Dr. Paul Leslie
During my current sabbatical year, I have been applying for a number of positions all over the world. Some of the applications requirements requested include essays, presentations, references, teaching philosophy and research statements. One recent position requested a video repsonse to a question, which I thought was a very interesting method of getting to know the applicant.
Like many people, I am not always comfortable watching myself on video because we have a tendency to focus on the 'warts and all' of our person. Of course, others see these all the time and perhaps do not notice them. We however, can see every single little flaw and these revelations are often quite shocking. At any rate, here is my video, below, 'warts and all'!
This gallery shows a cross section of visual text projects as envisioned by one of my former colleagues. My colleague came up with the great idea and then we bashed out the details including the description, outcome mapping and the rubric. Please have a look at the assessment document or download it by clicking on the link below.
I have been revisiting the notion, coined by Marshall McLuhan (1964), that the 'medium is the message' in the light of what we might call 21st century media - that which is freely and readily available to most people, and certainly to teachers and students. In my own research around another notion of making our thinking visible to our peers, students and stakeholders, I am thinking about how to research and then promote our ability to display our thinking more thoroughly, or perhaps in a more readable manner.
I love to listen to a good speaker. I also love to read a good book. These are two media employed to convey thinking, notions and ideas. They are great and they are useful. However, they are also linear and perhaps not always the best way to convey an idea.
Medium is the Message
This concept map expresses the notion that the audience is central to our choice of media in supporting and shaping the message that we want to convey. We need to consider who comprises the audience, what tools they may have, even how much time do they have to devote to receiving the message.
During my research into displays of competency, the participating teachers spent a great deal of time to consider the media that they would use to design their displays. Although we had discussed the notion of the medium is the message, they seemed to instinctively focus on what media they should use.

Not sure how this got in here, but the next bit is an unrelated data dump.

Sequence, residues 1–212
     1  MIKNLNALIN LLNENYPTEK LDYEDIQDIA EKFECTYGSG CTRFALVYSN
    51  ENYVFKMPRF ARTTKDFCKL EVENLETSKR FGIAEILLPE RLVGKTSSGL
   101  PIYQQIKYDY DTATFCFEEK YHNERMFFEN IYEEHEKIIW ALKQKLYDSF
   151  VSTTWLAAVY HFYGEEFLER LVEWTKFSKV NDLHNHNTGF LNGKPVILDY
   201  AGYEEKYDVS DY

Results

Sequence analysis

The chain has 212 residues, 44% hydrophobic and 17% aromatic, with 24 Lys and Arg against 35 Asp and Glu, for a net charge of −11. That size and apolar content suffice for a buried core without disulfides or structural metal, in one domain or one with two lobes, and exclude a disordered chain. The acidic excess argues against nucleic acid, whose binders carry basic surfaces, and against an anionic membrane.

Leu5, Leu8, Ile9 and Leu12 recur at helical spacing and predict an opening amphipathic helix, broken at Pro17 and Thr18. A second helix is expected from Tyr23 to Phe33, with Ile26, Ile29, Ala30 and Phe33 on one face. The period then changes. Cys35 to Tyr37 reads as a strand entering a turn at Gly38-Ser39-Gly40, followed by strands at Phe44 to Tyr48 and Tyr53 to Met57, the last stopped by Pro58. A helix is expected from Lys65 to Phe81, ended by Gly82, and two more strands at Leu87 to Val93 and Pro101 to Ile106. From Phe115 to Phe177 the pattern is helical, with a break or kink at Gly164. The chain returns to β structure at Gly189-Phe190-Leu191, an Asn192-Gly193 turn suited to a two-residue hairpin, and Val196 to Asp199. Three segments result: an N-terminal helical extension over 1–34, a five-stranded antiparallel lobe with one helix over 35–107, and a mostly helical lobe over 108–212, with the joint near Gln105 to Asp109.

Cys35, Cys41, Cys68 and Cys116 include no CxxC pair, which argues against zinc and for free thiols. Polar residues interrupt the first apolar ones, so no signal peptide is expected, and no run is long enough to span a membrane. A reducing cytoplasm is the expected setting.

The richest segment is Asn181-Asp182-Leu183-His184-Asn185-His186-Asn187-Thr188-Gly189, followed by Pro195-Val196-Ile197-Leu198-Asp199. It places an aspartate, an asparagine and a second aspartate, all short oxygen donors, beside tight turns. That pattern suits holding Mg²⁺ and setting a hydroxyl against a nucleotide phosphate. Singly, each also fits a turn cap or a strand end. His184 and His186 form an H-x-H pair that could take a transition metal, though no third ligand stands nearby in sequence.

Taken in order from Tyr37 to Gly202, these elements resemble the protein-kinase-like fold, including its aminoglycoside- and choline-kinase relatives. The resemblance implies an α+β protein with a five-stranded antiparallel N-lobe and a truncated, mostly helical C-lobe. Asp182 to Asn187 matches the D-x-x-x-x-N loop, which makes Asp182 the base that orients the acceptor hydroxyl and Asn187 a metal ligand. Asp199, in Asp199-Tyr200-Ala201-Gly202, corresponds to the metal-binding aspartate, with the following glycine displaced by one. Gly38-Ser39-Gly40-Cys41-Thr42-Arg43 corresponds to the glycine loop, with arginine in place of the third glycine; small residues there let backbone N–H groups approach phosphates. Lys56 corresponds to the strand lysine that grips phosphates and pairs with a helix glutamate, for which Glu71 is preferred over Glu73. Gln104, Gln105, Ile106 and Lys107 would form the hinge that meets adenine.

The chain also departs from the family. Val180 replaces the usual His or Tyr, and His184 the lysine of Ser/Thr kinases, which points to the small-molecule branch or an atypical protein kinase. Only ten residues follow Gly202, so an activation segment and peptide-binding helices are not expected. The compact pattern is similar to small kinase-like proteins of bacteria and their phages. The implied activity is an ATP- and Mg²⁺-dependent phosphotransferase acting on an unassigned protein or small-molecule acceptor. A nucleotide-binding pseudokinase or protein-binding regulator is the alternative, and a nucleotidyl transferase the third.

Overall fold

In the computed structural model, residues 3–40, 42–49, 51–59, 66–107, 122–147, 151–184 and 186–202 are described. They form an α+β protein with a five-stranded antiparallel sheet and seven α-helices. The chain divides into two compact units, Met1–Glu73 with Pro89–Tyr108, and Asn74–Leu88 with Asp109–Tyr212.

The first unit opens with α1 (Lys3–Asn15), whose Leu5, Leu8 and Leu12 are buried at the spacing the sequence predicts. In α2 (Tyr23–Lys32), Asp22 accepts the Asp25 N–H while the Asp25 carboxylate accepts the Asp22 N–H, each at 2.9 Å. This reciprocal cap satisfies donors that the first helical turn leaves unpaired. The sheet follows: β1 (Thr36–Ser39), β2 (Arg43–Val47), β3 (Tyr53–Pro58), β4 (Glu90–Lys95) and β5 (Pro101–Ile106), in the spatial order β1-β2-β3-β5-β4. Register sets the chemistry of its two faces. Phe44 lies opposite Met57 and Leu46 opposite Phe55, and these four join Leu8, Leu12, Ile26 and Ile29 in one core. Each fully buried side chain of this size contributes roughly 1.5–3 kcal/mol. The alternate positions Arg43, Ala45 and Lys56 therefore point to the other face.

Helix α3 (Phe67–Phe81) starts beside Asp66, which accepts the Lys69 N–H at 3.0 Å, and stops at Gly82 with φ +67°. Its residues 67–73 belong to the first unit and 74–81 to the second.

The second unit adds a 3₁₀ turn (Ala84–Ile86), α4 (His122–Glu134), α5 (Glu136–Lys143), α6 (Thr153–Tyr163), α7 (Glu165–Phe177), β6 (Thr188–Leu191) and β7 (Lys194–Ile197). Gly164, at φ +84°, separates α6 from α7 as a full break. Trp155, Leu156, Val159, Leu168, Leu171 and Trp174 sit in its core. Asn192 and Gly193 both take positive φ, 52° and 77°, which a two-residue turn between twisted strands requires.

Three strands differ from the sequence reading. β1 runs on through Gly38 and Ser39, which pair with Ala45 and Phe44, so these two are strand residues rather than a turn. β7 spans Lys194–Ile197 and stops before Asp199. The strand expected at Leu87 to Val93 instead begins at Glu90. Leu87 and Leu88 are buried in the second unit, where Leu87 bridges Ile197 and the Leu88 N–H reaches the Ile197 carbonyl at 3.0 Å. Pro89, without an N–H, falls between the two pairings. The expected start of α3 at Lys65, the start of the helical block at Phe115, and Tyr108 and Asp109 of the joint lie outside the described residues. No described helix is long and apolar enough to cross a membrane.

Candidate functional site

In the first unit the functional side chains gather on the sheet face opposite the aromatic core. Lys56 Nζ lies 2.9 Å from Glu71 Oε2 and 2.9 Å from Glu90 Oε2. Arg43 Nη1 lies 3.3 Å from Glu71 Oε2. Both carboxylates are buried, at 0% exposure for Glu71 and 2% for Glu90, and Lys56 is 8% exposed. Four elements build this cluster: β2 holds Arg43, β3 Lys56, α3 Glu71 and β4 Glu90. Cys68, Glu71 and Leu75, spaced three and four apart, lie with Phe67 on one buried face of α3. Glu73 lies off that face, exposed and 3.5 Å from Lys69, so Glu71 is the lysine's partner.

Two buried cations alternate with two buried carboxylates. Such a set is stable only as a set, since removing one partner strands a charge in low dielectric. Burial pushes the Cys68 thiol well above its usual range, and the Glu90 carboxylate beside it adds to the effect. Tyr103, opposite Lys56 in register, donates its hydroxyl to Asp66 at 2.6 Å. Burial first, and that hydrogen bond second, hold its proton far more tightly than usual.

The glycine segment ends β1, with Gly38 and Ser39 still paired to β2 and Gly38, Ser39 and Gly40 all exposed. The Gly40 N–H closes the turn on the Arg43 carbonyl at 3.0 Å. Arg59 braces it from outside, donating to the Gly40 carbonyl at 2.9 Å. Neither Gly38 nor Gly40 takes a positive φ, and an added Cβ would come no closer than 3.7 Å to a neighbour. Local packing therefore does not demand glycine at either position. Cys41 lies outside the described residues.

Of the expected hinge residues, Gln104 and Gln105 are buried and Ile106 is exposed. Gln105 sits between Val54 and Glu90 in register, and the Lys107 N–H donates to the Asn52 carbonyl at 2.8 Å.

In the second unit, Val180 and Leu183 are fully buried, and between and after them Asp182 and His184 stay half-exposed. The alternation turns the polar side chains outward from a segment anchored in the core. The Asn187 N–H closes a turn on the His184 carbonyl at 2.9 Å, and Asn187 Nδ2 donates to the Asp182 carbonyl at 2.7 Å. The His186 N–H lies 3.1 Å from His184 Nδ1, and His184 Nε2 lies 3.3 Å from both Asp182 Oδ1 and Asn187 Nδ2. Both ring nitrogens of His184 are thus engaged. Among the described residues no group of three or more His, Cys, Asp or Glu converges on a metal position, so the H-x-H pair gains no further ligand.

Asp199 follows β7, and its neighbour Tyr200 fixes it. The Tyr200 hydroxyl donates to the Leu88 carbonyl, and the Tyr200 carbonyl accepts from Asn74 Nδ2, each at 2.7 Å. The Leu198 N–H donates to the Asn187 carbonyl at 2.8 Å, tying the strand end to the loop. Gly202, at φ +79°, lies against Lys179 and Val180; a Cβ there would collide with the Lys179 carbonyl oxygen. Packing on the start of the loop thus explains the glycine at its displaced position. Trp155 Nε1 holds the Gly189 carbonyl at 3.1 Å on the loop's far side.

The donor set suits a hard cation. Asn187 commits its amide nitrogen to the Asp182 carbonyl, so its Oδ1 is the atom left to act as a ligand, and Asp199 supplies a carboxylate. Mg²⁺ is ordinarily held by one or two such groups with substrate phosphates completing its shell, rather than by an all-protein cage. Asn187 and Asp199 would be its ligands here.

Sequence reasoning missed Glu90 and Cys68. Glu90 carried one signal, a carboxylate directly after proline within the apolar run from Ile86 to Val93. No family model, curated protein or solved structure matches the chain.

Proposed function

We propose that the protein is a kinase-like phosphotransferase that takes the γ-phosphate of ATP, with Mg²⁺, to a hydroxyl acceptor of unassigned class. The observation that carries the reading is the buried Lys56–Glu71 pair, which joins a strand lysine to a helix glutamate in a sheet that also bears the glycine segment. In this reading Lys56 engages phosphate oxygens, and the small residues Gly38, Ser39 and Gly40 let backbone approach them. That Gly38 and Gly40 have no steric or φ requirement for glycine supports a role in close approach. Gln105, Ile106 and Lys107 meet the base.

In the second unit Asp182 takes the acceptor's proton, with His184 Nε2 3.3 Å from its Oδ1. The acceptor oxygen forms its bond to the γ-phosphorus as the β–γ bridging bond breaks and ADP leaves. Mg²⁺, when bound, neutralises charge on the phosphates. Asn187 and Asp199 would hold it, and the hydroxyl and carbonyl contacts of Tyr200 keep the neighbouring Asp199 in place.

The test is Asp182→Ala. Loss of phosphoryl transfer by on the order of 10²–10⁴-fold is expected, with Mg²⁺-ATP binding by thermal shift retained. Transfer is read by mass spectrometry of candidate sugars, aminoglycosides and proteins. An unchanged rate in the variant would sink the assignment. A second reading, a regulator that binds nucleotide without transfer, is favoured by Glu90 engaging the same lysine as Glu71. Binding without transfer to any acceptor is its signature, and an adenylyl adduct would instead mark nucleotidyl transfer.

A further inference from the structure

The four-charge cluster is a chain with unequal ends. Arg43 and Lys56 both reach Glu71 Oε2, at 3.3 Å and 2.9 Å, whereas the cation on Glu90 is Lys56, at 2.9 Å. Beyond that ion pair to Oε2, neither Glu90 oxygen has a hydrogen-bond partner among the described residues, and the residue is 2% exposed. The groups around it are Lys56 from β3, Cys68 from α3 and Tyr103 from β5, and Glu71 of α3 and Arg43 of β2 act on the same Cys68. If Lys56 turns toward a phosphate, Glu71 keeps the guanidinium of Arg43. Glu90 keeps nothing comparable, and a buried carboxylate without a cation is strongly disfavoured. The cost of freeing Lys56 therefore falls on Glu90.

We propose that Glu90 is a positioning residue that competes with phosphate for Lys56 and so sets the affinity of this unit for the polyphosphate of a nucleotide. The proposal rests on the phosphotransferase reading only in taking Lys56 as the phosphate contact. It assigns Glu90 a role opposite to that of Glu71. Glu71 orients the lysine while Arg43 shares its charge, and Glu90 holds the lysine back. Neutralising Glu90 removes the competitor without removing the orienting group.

Competency to Goal
As they progressed with their work, the teachers began to become increasingly selective about their media tools.
The teachers reported that they spent considerable time to determine just the exact media to use to demonstrate their various competencies. In these examples, the media in itself is a demonstration of competency as far as it shows their ability to use media to display various messages. They were also very clear in their descriptions of how they wanted their work to be perceived. The teachers were highly cognizant of the non-reflexive potential of the portfolio. They were aware that others would view their work without them present to explain the various features of processes involved in the work and so went to great efforts to ensure that the work represented their intentions as clearly as possible.
The teachers developed a very clear set of rules for demonstrating the various goals. Firstly, they determined that the evidence for any particular goal must not be dispersed through the portfolio. Stakeholders must be able to see the competency, goal, and evidence all at once. This highlights the need for the correct or best media for this purpose. They seemed very conscious of the fact that they were not just demonstrating a competency for the sake of demonstration but that there was a very ‘real-world’ consequence of this demonstration. Given the high-stakes nature of demonstrating these competencies, it is very interesting to note the attention to these details.
It is also important to note that this process was socially constructed over a period of time through the development of associated skills. They were determined to make the process easy in order to focus on the demonstrations of competency and not on the media. They were clear that the competency determined how the media would be chosen and used, and that the media would not determine how they demonstrated the competency. In a positive feedback cycle, the more adept they became at manipulating the media to their goals, the more motivated they became to learn about the media tools in order to give themselves better options for displaying their competencies.
The Medium is the Message
During teaching sessions, I place links to each course in the area where you found this link. Below you can see links to the blog entries for each of the courses I taught during the last semester at Sharjah Women's College.